Municipal parks are often assumed to be associated with crime, but if parks do foster crime, the specific relationships are unclear. Park data were collected for a national and a city sample, recognizing four typical amenities in parks: sports, family, ornamental, and undeveloped. These four variables were regressed on eight different categories of crime for both samples. Percent male, percent aged fifteen to twenty-four, and percent white were used as control variables. Given the expected signs on the control variables, the city sample provided more likely results. In that sample, parks with sports, family, and ornamental amenities were associated with an increase in seven of the eight crimes. Undeveloped space showed no significant relationship to crime. The city sample results were used to create a framework for park development decision-makers. Considering samples of the existing literature on parks externalities and on the costs of crime to victims, the potential gains from particular park amenities are compared to the new victim costs associated with those amenities. This analysis shows sports amenities to be unfavorable, while victim costs associated with the family and ornamental amenities may be offset by gains to housing. Undeveloped space is favored in this framework.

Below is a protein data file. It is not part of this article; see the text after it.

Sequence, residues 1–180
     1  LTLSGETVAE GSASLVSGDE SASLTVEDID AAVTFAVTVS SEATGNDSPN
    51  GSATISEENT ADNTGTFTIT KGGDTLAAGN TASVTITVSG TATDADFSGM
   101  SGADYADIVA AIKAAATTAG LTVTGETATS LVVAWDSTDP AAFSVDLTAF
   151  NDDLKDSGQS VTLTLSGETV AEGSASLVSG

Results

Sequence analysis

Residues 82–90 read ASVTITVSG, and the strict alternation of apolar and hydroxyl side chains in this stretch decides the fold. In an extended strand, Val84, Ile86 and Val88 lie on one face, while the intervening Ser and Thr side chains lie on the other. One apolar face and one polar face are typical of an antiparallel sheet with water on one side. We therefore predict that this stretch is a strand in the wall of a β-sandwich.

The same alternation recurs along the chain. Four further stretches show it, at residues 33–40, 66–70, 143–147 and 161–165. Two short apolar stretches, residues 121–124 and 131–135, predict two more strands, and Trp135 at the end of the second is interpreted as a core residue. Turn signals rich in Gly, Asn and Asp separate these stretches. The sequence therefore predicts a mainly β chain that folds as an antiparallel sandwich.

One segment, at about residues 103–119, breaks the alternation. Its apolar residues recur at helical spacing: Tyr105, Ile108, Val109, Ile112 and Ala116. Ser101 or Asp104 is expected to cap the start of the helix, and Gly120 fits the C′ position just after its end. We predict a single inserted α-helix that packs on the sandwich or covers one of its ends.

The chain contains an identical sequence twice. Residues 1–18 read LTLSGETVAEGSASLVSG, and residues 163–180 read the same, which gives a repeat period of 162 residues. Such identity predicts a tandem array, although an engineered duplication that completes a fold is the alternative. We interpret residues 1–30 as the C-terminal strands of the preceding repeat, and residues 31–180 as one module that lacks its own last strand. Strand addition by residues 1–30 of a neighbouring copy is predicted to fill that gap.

Level of Degree
Department of Economics
First Committee Member (Chair)
Cota, Elizabeth. "Park Amenities and Crime: Do Neighborhood Parks Contribute to Crime?." (2009). http://digitalrepository.unm.edu/econ_etds/36